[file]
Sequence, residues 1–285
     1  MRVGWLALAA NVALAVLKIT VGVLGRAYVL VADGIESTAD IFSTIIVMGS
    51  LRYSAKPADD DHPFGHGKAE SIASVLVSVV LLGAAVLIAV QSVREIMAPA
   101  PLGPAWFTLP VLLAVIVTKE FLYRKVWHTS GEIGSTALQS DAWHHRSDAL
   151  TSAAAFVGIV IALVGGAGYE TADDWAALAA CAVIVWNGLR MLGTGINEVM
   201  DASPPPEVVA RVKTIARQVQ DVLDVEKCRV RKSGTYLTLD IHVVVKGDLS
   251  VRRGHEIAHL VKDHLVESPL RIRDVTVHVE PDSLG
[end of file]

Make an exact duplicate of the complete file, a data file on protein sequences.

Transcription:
Sequence, residues 1–285
     1  MRVGWLALAA NVALAVLKIT VGVLGRAYVL VADGIESTAD IFSTIIVMGS
    51  LRYSAKPADD DHPFGHGKAE SIASVLVSVV LLGAAVLIAV QSVREIMAPA
   101  PLGPAWFTLP VLLAVIVTKE FLYRKVWHTS GEIGSTALQS DAWHHRSDAL
   151  TSAAAFVGIV IALVGGAGYE TADDWAALAA CAVIVWNGLR MLGTGINEVM
   201  DASPPPEVVA RVKTIARQVQ DVLDVEKCRV RKSGTYLTLD IHVVVKGDLS
   251  VRRGHEIAHL VKDHLVESPL RIRDVTVHVE PDSLG